Cooped up and hanging tough: what two families are doing to keep kids learning
May 18, 2020 12:55PM
By Kathryn Elizabeth Jones
Heather (back),Christian and Rebekah (front) focus on their schoolwork. (Kathryn Jones/City Journals)
By Kathryn Elizabeth Jones | [email protected]
Finding it difficult to keep your students engaged in learning at home?
With COVID-19 making the rounds, many students are feeling the pressure. Not only do they have schoolwork to do every day, but they also have to do it away from their friends. Socializing is limited to texting, online hangouts, phone conversations and email.
“I am talking to one of my friends through their school email,” said Fox Hills Elementary School student Rebekah Miller. “We usually talk about the game we are doing together.”
When Rebekah has a question about schoolwork, she goes onto Google Classroom, but she said she misses the time she used to spend with her friends at school.
“It’s kind of boring to stay home all of the time, but I have liked learning a lot of new games with my family,” she said.
Rebekah’s brother, Christian, is a freshman at Hunter High School and was quarantined for two weeks.
“When I first heard, I thought, ‘No school, hooray!’ she said. “But as the days went by, I started to get bored and didn’t want to be with my family anymore.”
Christian said he is struggling not being with his friends, and although there haven’t been any moments yet where he’s thought, ‘I can’t do this anymore,’ he said COVID-19 is “pretty scary.” He doesn’t think he would get very sick if he got the virus, but other people may die, and that worries him. He lives with his grandparents and is concerned that they might get it.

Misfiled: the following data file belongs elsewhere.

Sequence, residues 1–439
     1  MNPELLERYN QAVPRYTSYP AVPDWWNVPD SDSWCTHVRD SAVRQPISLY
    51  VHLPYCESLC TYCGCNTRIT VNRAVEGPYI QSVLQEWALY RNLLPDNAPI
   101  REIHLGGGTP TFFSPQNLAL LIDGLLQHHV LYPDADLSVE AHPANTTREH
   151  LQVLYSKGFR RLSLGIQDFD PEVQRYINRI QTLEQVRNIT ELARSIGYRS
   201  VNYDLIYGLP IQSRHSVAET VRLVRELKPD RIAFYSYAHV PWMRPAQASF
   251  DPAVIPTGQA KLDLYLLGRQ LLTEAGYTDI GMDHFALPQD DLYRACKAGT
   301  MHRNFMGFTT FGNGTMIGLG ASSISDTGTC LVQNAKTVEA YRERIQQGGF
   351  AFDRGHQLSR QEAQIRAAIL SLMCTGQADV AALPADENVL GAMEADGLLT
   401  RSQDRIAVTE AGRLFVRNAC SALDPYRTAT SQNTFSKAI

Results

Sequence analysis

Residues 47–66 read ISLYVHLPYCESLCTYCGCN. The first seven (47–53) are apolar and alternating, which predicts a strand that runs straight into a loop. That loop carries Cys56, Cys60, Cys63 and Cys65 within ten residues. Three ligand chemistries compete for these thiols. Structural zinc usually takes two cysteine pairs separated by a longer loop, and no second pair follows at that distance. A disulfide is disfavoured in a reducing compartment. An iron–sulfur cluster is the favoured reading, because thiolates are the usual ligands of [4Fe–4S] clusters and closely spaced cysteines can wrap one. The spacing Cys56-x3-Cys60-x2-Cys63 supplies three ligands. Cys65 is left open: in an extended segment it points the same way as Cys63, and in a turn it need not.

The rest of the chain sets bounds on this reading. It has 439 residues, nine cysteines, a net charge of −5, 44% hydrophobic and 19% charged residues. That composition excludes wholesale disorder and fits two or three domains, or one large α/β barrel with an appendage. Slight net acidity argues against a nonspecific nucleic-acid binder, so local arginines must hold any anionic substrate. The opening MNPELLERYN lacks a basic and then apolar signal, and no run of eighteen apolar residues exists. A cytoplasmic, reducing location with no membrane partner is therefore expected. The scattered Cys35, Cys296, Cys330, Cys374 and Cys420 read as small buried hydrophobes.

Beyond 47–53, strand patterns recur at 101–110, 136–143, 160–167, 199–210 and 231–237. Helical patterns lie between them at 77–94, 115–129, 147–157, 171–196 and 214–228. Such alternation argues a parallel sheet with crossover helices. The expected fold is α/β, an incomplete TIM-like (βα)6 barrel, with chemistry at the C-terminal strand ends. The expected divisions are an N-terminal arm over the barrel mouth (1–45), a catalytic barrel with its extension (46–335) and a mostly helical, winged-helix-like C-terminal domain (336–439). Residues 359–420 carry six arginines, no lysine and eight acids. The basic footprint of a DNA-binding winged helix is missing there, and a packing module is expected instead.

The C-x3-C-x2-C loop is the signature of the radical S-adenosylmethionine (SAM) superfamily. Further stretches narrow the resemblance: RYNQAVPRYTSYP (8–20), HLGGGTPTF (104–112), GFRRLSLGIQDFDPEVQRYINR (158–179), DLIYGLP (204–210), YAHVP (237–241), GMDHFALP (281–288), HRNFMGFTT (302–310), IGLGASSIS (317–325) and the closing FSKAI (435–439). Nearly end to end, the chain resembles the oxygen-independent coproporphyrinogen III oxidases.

As for Telsie Graziano, mother of both a son and daughter in grades sixth and seventh, she said she’s OK with the home-based program the schools have going.
“I used to homeschool, but at that time I wasn’t working like I am now,” she said. “My schedule is so difficult, so it’s hard to have a set schedule for my kids.”
Graziano is happy that her kids can do most of their home studies on their own—unless it’s math, which she admits she doesn’t understand and has to get her husband to help with.
“They can email the teacher as well,” she said. “I am juggling like crazy, and it’s difficult to keep the kid’s emotions connected to [the] school and my own emotions connected to work. We just don’t want to do anything. I was holding it together mostly, but I did have a breakdown [one day]. Then the kids had an excuse to have their moment.”
Fortunately, for this family, each morning is their opportunity, their time to “recharge.” Before Graziano heads off to work—she still juggles three jobs, her cleaning, delivery clients and counseling service—her family connects with God. Other connections throughout the days have included enjoying nature, going on “a lot of walks” and spending time playing games.
“We’ve gotten our creative juices going as a family,” Graziano said. “I have even taught my kids how to make bread.”
Grandma has gotten involved, she said, text messaging the kids about “little projects she is involved with in her life.” Graziano also connects with her family on Zoom, an online meeting place for video conferencing.
Still, she said all they can do as a family now is to move ahead and do the best they can,. “It is hard to be cooped up, but we’ve definitely had more time together,” she said.
In the Miller household, it’s taken a set schedule to get everyone working as they should. Along with Rebekah and Christian is Heather, a senior who is currently living in the same household and attending Hunter High. Heather recently met with her cousins, grandparents and aunt, to get on the same page with this at-home schooling. They had a meeting to discuss ideas such as setting a schedule for school, personal time and family time.
“We had to do something,” said grandfather Douglas Jones.